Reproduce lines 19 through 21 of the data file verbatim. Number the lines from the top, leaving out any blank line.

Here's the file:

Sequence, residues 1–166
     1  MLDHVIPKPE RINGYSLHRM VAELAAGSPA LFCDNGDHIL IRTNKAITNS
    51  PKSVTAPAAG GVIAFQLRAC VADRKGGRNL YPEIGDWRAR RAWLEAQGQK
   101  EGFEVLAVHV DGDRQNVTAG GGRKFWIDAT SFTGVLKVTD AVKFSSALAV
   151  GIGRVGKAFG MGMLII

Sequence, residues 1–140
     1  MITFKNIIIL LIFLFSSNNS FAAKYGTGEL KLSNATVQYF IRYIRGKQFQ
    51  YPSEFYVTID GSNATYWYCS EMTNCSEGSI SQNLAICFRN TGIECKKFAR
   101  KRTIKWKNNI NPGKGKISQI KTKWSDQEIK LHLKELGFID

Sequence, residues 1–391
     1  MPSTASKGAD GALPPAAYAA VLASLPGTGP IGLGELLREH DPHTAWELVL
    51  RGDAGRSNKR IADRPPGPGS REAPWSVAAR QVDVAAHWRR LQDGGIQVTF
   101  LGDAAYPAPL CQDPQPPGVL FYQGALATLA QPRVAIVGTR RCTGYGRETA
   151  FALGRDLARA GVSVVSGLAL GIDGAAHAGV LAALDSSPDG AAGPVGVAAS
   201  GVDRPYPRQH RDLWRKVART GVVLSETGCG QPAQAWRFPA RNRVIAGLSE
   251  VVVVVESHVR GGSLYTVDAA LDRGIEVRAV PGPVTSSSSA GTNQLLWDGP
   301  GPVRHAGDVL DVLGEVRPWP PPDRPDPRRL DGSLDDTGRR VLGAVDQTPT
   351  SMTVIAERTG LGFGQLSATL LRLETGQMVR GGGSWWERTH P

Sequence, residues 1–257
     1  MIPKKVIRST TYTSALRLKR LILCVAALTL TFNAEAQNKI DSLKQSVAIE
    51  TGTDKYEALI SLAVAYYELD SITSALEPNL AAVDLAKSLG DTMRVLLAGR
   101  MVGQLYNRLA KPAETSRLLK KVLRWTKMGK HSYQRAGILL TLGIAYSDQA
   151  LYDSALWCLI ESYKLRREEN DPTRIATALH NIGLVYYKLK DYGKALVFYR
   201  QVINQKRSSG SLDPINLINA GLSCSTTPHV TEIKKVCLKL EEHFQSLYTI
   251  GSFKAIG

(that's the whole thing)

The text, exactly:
Sequence, residues 1–257
     1  MIPKKVIRST TYTSALRLKR LILCVAALTL TFNAEAQNKI DSLKQSVAIE
    51  TGTDKYEALI SLAVAYYELD SITSALEPNL AAVDLAKSLG DTMRVLLAGR